Meanwhile, there are actions to take, whoever you may be. Being a curious Christian who is committed to deepening my faith by acquiring knowledge and opening dialogue, I took three new actions this year that have altered the way I think forever; I read the excellent translation of the Qur’an in English by Professor Muhammad Abdel Haleem, esteemed Director of the Centre of Islamic Studies, SOAS. I visited East London Mosque for the first time in May to start building friendships with people who have since come to support #InterfaithFriday in a very powerful, positive way. And I took on fasting the last ten days of Ramadan. Why did I do all that, I hear you asking? Before you leap in with accusations of syncretism and blasphemy, I’m clear about my motives. I delved into the faith of my friends and neighbours partly in solidarity, partly as a way to better meet God by treating the experience in the same way that I would a retreat. And, whilst what happened over those ten days raised many potent questions for me about myself, mostly it simply confirmed what I had suspected all along: that while we may have differences in dogma and practice, essentially there is no ‘Them/Us’. There is just ‘Us’.

In medieval Europe (the era where most racists like to draw their faux-crusade symbolism from) fasting for Christians was much more akin to the discipline of Ramadan, indeed it may well be that historically the one was born from the other. The Lenten preparation, Shrovetide, was a time of confession before fasting took place. The using up of fats and dairy on the eve of Lent we know well as Pancake Day, but during Lent itself all meat was also strictly prohibited. To replace food with devotion to God was as much the aim of medieval Lent as it is now for Ramadan.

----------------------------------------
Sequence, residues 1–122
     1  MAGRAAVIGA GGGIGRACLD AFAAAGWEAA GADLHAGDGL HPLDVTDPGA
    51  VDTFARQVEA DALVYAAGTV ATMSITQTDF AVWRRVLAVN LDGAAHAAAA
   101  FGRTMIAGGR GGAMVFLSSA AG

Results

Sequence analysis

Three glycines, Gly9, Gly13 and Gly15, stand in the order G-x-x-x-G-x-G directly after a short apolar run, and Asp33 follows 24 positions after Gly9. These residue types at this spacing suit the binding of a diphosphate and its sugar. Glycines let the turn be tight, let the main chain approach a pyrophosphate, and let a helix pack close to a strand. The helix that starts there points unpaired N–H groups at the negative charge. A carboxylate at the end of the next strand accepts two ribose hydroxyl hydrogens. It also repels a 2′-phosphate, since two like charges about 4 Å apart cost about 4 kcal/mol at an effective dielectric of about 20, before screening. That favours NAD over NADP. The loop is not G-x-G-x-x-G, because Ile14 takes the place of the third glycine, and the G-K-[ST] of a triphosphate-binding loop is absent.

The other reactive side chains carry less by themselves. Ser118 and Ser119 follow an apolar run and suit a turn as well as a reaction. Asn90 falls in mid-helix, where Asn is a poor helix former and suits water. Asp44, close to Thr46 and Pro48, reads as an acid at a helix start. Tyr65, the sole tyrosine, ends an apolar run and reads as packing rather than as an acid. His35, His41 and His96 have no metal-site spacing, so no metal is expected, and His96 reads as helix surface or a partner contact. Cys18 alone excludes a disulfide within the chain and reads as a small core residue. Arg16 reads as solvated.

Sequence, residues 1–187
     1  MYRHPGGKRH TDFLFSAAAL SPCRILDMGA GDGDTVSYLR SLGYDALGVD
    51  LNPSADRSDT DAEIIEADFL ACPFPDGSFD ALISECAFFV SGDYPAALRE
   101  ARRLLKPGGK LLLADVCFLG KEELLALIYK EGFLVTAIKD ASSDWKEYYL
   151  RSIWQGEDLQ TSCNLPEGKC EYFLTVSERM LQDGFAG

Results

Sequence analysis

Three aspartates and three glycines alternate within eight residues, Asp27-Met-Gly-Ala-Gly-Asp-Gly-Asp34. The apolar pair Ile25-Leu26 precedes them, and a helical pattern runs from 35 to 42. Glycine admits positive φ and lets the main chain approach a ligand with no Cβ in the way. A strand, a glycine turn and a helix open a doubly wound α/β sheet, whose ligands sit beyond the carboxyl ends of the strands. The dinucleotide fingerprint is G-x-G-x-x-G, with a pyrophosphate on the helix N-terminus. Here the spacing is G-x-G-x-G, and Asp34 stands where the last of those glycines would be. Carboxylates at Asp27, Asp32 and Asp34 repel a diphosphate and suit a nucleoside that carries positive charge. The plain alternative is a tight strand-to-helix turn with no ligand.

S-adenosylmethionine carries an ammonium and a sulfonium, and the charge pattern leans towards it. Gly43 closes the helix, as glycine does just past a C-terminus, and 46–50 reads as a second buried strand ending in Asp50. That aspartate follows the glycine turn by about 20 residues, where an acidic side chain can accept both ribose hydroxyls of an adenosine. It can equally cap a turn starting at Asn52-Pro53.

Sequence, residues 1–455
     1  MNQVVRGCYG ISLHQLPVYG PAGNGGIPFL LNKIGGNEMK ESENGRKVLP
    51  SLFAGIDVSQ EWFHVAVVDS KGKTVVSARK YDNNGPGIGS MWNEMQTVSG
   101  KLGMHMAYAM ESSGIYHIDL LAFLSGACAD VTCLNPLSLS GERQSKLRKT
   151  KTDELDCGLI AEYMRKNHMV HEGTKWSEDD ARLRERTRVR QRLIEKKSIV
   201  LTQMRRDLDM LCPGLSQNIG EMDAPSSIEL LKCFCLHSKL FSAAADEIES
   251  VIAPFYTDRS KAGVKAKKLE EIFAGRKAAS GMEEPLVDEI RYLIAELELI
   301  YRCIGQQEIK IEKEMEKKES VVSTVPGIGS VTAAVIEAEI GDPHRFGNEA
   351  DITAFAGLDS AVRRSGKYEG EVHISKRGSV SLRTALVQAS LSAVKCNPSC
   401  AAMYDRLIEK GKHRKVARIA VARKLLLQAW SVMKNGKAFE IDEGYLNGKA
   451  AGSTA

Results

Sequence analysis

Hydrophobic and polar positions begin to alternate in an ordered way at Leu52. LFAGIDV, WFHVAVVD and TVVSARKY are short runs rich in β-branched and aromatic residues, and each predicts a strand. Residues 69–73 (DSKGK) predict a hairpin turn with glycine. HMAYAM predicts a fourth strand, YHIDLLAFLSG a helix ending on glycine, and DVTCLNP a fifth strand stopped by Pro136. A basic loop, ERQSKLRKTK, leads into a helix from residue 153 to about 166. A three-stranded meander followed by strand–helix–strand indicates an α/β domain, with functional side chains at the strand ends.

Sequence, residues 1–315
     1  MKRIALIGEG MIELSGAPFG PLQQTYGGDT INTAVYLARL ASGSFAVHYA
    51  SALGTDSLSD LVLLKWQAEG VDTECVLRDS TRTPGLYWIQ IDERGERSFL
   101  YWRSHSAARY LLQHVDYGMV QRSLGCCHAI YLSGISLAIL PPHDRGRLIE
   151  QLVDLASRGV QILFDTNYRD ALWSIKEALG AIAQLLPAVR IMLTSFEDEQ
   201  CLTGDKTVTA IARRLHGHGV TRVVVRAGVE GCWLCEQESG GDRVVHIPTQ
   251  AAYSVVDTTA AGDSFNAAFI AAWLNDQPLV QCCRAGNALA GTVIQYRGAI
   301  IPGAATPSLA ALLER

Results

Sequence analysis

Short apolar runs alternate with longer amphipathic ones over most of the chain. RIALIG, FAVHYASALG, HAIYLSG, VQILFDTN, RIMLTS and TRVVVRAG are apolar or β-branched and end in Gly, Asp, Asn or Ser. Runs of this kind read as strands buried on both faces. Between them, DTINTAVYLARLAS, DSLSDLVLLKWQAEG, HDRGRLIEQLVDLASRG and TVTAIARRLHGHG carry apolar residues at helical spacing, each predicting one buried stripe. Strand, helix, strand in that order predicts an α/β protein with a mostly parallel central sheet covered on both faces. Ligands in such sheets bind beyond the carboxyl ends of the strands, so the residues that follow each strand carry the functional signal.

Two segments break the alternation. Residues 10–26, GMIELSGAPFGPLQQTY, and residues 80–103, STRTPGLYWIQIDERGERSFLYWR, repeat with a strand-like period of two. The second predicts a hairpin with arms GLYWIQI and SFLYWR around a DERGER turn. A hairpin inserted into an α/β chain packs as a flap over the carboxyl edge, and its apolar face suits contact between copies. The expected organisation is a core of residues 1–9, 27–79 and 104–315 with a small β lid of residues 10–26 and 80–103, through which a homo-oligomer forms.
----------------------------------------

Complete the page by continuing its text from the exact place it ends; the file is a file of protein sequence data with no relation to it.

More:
It seemed pointless to me to take on a fast without also praying. So I learned the basic Salah along with the supplications. I had no prayer mat so I used a clean towel. I used my iPhone compass to work out where to face. It meant getting up about 2.30 to eat the early meal, sehri, finishing all food and drink by a certain time and then praying Fajr around 3.30. This was already discipline enough; being someone who habitually rises at 6am and sleeps at 10pm meant the first few days felt like being trapped with jetlag in an airport lounge. Because I ate and drank carefully I didn’t experience drastic hunger or thirst as I thought I would. That turned out to be the least of my hardships. What really required the discipline was making sure I didn’t swallow anything foreign. This is when you realise how much you do without thinking. In five days I had fingernails longer than I’ve had in years, as I tried not to inadvertently chew away on them as I normally do. I attempted not to swear, which for me was practically impossible.

The real beauty of Ramadan came from visiting people; either attending the mosque for shared iftar and prayers, or sitting down with friends and neighbours. It’s not that Ramadan is about socialising, quite the opposite; the journey goes inwards. But the communion between people who are all there to take on the same devotion creates an electricity that courses round the room. At East London Mosque, in the new Maryam Centre for women, I attended late night Taraweeh prayers that culminated with a series of amens in which not only the muezzin but most of the women were quietly weeping, palms upwards, listening intently to the crack of emotion in his voice over the speakers. What I took away from that night I will hold close to myself.

I fully recognise that most Christians would feel taking on worship to this extent to be beyond where they would comfortably go. But there is also some unnecessary concern about worshipping alongside another faith which stems from lack of knowledge. Jesus said love the Lord your God with all your heart and your soul. That is exactly what I did, coming in the process to a new understanding of what He meant; all his ministry involved focussing on the power of God, placing himself as the servant, the subordinate, giving away the power and not seeking it for himself. Making the vulnerable and lowly powerful, leading them to the space  for God inside themselves, that each and every one of us is holy with a little ‘h’, to be honoured. In this regard, the message of Jesus and Mohammed (pbut) is the same. It gave me theological room to stand alongside my sisters and commune with the brothers knowing that our purpose is not to be identical, but to be shoulder to shoulder with our eyes fixed firmly upwards rather than on ourselves.

When we find dialogue, humanity and common ground with those we thought we did not understand or even hated, through knowledge, and are bold enough to share that experience with others, then we will have caused a new era for London that cannot come fast enough. #InterfaithFriday asks you to take it on.